January 10, 2019 – Although the immune system isn’t faster than a speeding locomotive or able to leap tall buildings in a single bound, it does an amazing job keeping us safe from many invaders. Not only does the immune system fight infection, it also scavenges for all kinds of problematic changes in the cells that make up the body. All mammals, including our Golden Retriever Lifetime Study participants, have essentially the same immune system which can be separated into two arms: innate and adaptive.
Innate immunity is the body’s basic patrol system – reliable and on constant alert.
These cells are always on the look-out for potential threats which include disease-causing organisms, cells with early cancerous changes, and dead or dying cells. The innate immune system finds problems by knowing what normal self looks like and recognizing that these cells or organisms don’t fit the normal profile. The innate immune system is programmed to recognize self-antigens (proteins that are bound to the surface of a cell). Any antigens not on the approved list initiate a response.
When the innate immune system finds a problem, it responds by isolating the abnormal cells while simultaneously recruiting other immune cells to help eliminate the problem. The innate immune system also sends signals that trigger inflammation, another component of the kill-and-clean-up process. The downside is that innate immunity is non-specific and takes a scorched earth response to the threats it encounters. This approach usually is effective at neutralizing threats, but it comes at a cost - nearby tissues get damaged and we feel ill from the inflammation that was triggered.
Here is where the adaptive immune response comes into play.
The inflammation begun by the innate immune response also recruits white blood cells known as T-cells and B-cells, the big guns of the adaptive immune system. When B-cells encounter an antigen, it remembers that antigen by making and storing antigen-specific antibodies. Not only do the antibodies help the immune system neutralize and destroy a cell with that antigen on its surface, the B-cells are ready to attack again if the same antigen is noted in the future.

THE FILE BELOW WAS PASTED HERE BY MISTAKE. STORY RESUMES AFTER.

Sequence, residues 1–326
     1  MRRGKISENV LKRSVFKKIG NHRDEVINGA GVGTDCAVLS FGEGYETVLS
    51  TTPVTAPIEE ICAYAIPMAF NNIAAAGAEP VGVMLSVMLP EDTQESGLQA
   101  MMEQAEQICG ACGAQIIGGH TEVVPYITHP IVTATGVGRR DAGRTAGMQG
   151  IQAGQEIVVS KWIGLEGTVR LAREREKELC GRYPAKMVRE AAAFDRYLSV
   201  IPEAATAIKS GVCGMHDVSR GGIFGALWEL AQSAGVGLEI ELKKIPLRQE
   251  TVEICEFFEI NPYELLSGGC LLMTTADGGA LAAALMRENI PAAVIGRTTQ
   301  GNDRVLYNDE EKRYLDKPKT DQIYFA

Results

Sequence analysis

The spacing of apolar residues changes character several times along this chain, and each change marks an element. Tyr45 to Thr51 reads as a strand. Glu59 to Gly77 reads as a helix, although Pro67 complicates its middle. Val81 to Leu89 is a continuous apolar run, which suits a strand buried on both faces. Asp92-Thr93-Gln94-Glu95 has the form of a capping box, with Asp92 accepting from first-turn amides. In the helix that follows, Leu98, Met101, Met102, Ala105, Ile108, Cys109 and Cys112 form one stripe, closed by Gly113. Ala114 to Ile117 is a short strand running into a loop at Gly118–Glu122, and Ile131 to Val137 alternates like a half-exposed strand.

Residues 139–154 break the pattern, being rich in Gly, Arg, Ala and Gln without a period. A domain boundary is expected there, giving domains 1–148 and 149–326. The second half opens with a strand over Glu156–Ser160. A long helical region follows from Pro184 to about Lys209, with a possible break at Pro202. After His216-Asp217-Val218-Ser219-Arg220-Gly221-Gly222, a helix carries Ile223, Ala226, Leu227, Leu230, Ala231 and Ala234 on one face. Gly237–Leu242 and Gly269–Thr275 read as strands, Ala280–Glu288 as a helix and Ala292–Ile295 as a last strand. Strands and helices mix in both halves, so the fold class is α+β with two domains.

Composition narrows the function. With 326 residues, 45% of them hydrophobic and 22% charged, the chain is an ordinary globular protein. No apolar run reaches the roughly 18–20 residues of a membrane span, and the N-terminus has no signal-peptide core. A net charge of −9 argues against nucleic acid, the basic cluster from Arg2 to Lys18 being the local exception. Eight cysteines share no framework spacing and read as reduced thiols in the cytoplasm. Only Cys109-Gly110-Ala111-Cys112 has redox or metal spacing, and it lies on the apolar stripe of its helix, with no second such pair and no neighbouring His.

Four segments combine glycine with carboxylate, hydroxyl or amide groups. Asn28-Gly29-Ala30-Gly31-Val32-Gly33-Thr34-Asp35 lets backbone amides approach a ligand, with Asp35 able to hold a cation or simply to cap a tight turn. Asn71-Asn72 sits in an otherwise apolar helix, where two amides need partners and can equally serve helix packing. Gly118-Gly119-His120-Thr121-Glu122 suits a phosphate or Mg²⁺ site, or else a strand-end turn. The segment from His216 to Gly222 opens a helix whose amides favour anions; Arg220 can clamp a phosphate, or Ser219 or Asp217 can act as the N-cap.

When an antigen is encountered, antibody binds with the antigen (called opsonization) and this event signals other white blood cells to come and kill the opsonized cells. Some T-cells also can recognize specific antigens and can kill cells independent of antibody. Still other T-cells provide help to improve the efficiency of B- and T-cell responses. The adaptive immune system needs to be stimulated to react, but once it kicks into gear, it is a precise and efficient system for removing abnormal cells and invading organisms.
It’s an effective defense – when functioning properly.
When the immune system functions properly, it is an elegant and effective defense against threats from many sources. However, there are times when the immune system doesn’t work according to plan - sometimes it misses cellular changes; sometimes it recognizes things as threats that are not (an example is an allergic response); or it can get confused about what is self and non-self. For example, when the immune system is primed against itself, autoimmune diseases result.
In the Golden Retriever Lifetime Study, the role of the immune system in the development of cancer is of great interest. In addition, allergies are very common in our dogs making this a useful cohort to study the immune changes associated with the development of allergic disease. Finally, researchers are really interested in innovative ways to stimulate the immune system to fight off multi-antibiotic resistant bacterial infections. Our participants will provide unique insights into the immune system that have never been available to researchers, and will have long lasting impact on immune function research for decades to come.